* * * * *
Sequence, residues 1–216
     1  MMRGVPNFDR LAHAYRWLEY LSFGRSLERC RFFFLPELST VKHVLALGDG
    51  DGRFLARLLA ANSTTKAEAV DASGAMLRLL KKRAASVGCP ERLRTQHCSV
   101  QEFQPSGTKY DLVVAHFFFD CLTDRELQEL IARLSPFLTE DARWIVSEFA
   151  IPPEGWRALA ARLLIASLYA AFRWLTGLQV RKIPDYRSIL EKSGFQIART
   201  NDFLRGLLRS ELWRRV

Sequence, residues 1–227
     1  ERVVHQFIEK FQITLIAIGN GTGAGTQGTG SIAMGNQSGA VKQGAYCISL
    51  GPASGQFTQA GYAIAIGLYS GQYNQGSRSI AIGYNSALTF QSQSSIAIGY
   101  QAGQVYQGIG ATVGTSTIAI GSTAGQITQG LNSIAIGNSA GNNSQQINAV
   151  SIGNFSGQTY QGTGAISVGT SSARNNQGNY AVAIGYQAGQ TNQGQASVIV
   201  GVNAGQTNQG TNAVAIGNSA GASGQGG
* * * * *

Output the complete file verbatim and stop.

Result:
Sequence, residues 1–216
     1  MMRGVPNFDR LAHAYRWLEY LSFGRSLERC RFFFLPELST VKHVLALGDG
    51  DGRFLARLLA ANSTTKAEAV DASGAMLRLL KKRAASVGCP ERLRTQHCSV
   101  QEFQPSGTKY DLVVAHFFFD CLTDRELQEL IARLSPFLTE DARWIVSEFA
   151  IPPEGWRALA ARLLIASLYA AFRWLTGLQV RKIPDYRSIL EKSGFQIART
   201  NDFLRGLLRS ELWRRV

Sequence, residues 1–227
     1  ERVVHQFIEK FQITLIAIGN GTGAGTQGTG SIAMGNQSGA VKQGAYCISL
    51  GPASGQFTQA GYAIAIGLYS GQYNQGSRSI AIGYNSALTF QSQSSIAIGY
   101  QAGQVYQGIG ATVGTSTIAI GSTAGQITQG LNSIAIGNSA GNNSQQINAV
   151  SIGNFSGQTY QGTGAISVGT SSARNNQGNY AVAIGYQAGQ TNQGQASVIV
   201  GVNAGQTNQG TNAVAIGNSA GASGQGG